“OPC has grown from the previous outlook of largely illiterate members who are regarded as back benchers. About 30 percent of members of the National Coordinating Council (NCC) are graduates. Over 96 percent of OPU members are graduates. So, the future looks great. And we will explore it to the fullest,” Adams said.
While emphasising on the growth of the congress, Adams recounted his experiences during the struggles, adding that the group has birthed numerous positive political changes in the country.
While delivering his lecture entitled: 25 years after: transformation of OPC, A Lecturer at the University Of Lagos, Professor Tunde Babawale expressed sadness over the persistence of ethnic marginalisation after 25 years of the formation of the group, advocating the encouragement of the group along the lines of cultural nationalism and diplomacy.
“Quite unfortunately, 25 years after, the fears of ethnic marginalisation still persist in Nigeria.
“Organisations like the OPC can only be encouraged to continue along the path of cultural nationalism and diplomacy, when the country is able to genuinely institute democratic governance, promote social justice and economic equity, entrench innovative and productive politics, respect individuals and group rights and restructure Nigeria to make it a federation in word and indeed,” Babawale said.
He however, emphasised the hypocrisy and pointlessness of unexpected resistance from organisations like OPC when violence is visited on the people.
He noted that OPC emerged in response to the authoritarianism of Military rule that culminated in the criminal annulment of the June 12, 1993 election, largely believed to have been won by Late Chief M.K.O. Abiola.
The Lecturer added that the threat of internal colonialism, domination and subjugation of the Yoruba nation within the context of Nigeria further gave impetus to the formation of the organisation.
Speaking in his goodwill message, the Inspector General of Police represented by AIG Oyebade assured that the Police was working assiduously to achieve the community Policing in such a way as to help in crime detection and prevention as a way of reducing the level of insecurity in the country.
Insisting that community policing was the way to go, Oyebade commended the OPC in its resolve to change its mode of operation to tilt more towards cultural diplomacy, adding that disputing resolution was a better option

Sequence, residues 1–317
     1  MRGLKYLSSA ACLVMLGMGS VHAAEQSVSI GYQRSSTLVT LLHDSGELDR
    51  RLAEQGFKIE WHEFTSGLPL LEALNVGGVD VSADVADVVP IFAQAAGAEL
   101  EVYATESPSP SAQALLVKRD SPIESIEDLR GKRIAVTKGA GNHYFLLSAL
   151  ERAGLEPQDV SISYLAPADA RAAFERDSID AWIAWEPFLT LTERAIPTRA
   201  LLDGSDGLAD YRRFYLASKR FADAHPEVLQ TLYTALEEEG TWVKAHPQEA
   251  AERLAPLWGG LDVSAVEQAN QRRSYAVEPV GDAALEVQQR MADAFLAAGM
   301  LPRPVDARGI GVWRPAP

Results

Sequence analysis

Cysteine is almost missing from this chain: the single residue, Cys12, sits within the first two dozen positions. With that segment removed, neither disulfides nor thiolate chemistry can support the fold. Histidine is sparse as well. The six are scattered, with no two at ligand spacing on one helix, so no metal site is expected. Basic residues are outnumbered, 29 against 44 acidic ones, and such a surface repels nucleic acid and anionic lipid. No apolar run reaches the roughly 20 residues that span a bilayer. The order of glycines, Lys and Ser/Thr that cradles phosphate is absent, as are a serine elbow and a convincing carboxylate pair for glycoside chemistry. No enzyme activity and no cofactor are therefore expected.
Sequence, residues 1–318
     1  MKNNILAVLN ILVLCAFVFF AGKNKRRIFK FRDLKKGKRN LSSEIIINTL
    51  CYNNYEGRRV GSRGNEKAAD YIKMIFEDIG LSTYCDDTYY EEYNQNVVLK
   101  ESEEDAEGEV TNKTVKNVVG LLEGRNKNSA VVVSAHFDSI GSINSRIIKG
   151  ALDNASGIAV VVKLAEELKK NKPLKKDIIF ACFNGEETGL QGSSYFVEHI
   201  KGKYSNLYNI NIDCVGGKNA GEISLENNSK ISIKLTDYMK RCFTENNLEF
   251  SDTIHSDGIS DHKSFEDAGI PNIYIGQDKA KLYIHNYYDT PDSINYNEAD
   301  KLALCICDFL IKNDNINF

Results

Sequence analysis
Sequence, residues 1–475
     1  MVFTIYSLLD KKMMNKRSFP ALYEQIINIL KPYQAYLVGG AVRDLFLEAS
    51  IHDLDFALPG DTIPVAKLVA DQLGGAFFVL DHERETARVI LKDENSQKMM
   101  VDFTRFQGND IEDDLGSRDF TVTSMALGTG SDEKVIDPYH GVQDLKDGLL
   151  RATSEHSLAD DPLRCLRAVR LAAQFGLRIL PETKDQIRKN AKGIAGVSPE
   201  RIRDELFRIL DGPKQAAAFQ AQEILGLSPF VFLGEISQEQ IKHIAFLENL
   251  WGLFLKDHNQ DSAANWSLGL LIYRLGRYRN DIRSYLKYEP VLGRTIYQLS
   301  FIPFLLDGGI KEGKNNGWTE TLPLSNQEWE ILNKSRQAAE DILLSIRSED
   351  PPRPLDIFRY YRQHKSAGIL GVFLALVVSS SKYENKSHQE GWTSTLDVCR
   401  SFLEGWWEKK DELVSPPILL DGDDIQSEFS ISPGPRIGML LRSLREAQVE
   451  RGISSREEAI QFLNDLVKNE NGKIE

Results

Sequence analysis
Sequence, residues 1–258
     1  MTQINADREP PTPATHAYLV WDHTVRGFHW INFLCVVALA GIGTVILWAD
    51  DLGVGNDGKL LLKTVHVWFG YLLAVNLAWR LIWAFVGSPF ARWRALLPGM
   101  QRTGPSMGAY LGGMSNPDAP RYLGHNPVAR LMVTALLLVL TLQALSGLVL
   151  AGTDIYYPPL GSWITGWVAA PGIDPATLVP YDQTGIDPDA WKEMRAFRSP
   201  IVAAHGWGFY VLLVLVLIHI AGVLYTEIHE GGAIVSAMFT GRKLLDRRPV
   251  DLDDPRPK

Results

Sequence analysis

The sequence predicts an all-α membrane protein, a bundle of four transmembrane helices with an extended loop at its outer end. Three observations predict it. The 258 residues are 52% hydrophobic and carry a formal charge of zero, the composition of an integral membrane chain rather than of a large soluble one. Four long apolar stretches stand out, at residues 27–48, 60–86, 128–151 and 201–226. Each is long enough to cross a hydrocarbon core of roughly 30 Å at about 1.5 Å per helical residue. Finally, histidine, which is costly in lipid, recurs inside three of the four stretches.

While admitting that things are really tough in the country, the senior police officer urge Nigerians to be more patient and embrace more dialogue, adding that the police authorities are working round the clock to seek out those who have ideas on how to help the police reduce crime to come forward with those ideas.
Assuring that the OPC emerged at a most auspicious time the history of the Yoruba nation, elder statesman, Chief Ayo Adebanjo said at the time OPC emerged many people were viewing the Yoruba race as a people who can only speak English without capacity to do much, but the emergence of the group changed all that.
Appreciating the Police authorities for assuring that it was committed to community police, Adebanjo said the nation needs much more than community policing, but rather that what the nation needs is state police, which will be more effective for the country.
While activist Femi Aborisade adviced the OPC to jettison the cultural diplomacy that it said it was tilting towards and continue on the part of fighting for justice, Afenifere spokesman, Yinka Odumakin disagreed with the Police that what the nation needs is community police, saying instead that what the nation needs at a time like this besides restructuring is state police that will deal with issues in the state and handle crimes at the grassroots.
AS part of activities to mark the anniversary some prominent Nigerians were honoured with different awards, they include the OPC special posthumous awards for the late chiefs Obafemi Awolowo, the late Moshood Abiola, chief Gani Fawehinmi,
Dr. Beko Ransome- Kuti, Pa Adekunle Ajasin, Abraham Adesanya, Justice Adewale Thompson, Ambassador Segun Olusola, Chief Rasheed Gbadamosi, Olumide Adeniji, Tony Ngrube, Prof. Sophie Oluwole, Ibraheem Abobanawo, and the founding father and Spiritual leader of the Congress, the late Dr. Fredrick Faseun.
Other awardees are, Prof. Wole Soyinka, Barristers Femi Falana, Femi Aborishade, Kehinde Oluwole, Gabriel Akinadewo, Dr. Joe Okei- Odumakin and Yemisi Shylon among others.
The award, Adams said is to appreciate all the recipients for playing different roles in the course of the struggle to liberate the nation.
The next few months will determine whether we will remain politically neutral or partisan. Do not forget that what gave birth to the OPC was the struggle for the revalidation of the June 12, 1993 presidential mandate of the late Bashorun Abiola. From there, we went on to demand for a total restructuring of the country.